Scotland ready to take final step
One final match. That’s all that stands between Scotland Women and the biggest stage in international rugby later on today.
It’s a simple equation for Bryan Easson’s squad this afternoon; a win over Colombia – the surprise package of qualification – in Dubai will punch their ticket to the Rugby World Cup in New Zealand this year, a tournament that has not featured Scottish interest since 2010.
For this team, however, it’s the biggest step yet in their collective rugby journey.
Throughout that journey, Warrior – the official magazine of Glasgow Warriors – has followed the team’s progress, bringing you the stories behind the players you see on the field. As they prepare for the biggest match in Scottish women’s rugby for a decade, hear from some of the stars that will be running out in the dark blue jersey later on today…
You won’t want to miss Issue 11 of Warrior – out now! ?
— Glasgow Warriors (@GlasgowWarriors) February 19, 2022
Ask any player for the key to the success of a team, and you can guarantee that creating the right environment both on and off the pitch will be at the top of the list.
Scotland prop Belisle – who started her international career in the back-row before making the switch – is no exception.
“Our culture is outstanding as a team,” she said.
“It’s exactly as it looks from the outside. It’s easy on social media for things to appear perfectly manicured and make it look like everyone’s best pals, but that’s genuinely the case with this group. We all love each other’s company and get along so well, and that makes everything so much easier.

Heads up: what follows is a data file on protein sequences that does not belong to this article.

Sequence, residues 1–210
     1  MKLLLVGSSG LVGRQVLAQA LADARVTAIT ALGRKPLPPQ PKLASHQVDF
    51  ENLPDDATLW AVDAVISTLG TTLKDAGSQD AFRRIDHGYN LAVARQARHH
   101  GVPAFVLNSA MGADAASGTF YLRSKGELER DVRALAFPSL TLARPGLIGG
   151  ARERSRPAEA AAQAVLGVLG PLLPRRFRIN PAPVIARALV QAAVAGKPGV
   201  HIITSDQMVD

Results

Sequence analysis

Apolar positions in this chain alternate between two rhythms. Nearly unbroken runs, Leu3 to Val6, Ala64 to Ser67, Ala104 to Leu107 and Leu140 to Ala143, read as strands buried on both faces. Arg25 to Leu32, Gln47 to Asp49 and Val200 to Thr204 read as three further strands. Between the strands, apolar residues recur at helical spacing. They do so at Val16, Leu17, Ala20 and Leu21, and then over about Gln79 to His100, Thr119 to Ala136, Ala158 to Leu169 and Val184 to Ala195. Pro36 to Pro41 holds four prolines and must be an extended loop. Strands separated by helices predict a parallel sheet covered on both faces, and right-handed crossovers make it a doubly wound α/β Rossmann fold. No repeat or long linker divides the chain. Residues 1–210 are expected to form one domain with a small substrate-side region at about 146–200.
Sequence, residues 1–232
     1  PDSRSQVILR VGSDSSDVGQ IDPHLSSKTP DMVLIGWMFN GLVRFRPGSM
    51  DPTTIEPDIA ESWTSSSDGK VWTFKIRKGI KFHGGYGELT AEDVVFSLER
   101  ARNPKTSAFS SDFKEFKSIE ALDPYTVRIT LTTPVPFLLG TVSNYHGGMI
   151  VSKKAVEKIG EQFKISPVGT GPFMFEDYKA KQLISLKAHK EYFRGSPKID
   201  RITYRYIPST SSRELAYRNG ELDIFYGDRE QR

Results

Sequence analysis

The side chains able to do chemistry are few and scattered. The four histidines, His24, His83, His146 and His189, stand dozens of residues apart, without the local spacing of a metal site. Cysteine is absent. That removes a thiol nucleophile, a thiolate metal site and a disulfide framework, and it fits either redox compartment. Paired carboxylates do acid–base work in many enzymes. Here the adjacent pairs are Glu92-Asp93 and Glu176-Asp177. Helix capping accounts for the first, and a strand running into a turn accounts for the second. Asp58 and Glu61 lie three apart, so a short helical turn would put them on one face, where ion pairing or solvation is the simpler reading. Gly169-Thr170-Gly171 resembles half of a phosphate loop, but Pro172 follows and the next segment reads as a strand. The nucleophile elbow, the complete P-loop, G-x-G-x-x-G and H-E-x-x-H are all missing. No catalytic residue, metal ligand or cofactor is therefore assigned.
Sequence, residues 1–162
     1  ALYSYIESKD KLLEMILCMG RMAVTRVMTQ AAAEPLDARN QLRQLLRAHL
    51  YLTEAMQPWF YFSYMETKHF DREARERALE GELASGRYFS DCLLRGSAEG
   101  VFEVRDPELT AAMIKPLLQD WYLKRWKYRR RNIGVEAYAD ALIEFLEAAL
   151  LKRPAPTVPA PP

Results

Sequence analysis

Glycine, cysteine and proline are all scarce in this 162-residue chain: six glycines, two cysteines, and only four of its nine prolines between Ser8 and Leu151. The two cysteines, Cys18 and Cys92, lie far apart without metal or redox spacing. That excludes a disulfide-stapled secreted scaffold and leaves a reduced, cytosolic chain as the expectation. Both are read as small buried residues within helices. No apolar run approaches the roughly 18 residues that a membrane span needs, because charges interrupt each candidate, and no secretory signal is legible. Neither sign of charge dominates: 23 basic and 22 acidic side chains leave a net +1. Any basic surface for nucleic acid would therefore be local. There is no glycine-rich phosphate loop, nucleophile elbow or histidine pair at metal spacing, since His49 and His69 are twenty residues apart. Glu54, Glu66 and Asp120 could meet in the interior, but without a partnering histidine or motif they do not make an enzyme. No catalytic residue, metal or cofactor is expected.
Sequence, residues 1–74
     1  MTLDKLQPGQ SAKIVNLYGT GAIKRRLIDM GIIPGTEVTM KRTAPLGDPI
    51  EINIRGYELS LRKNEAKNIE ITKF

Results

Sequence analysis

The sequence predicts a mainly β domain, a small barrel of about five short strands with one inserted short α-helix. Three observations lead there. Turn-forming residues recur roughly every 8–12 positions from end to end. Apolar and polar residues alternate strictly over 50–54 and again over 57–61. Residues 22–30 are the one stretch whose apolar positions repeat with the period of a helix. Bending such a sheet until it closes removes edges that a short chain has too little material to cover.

“That also translates onto the pitch, because it doesn’t matter who starts or who’s on the bench, you’re going to go all out for those girls.
“We genuinely care about one another and trust one another, because you know everyone will do the same for you.”
Glasgow born and bred, back-five forward McMillan knows all about the near misses in recent history, having made her senior Scotland debut in a World Cup qualifying defeat to Spain in 2016.
Yet it’s an occasion that still holds special resonance for the 24-year-old despite the result, as she looks to go one step better six years on.
“I won my first cap in Glasgow at Scotstoun, so it’s a special memory for me,” said McMillan.
“I was incredibly lucky to play my first test there – to be from Glasgow and to train at Scotstoun quite a lot, it was a really cool moment for me to have all my family and friends there for my debut. It’s a very special memory.”
It’s not just on the field that flanker McLachlan has been busy during the World Cup qualification window; as if challenging for a spot on the sport’s biggest stage wasn’t enough, the 22-year-old former judoka has also been completing a healthcare placement as part of her degree.
“It’s been different for sure,” she said.
“There are a lot more safety precautions and PPE in hospitals than before, but it’s the same work at the end of the day. We just need to be a bit more considerate around it.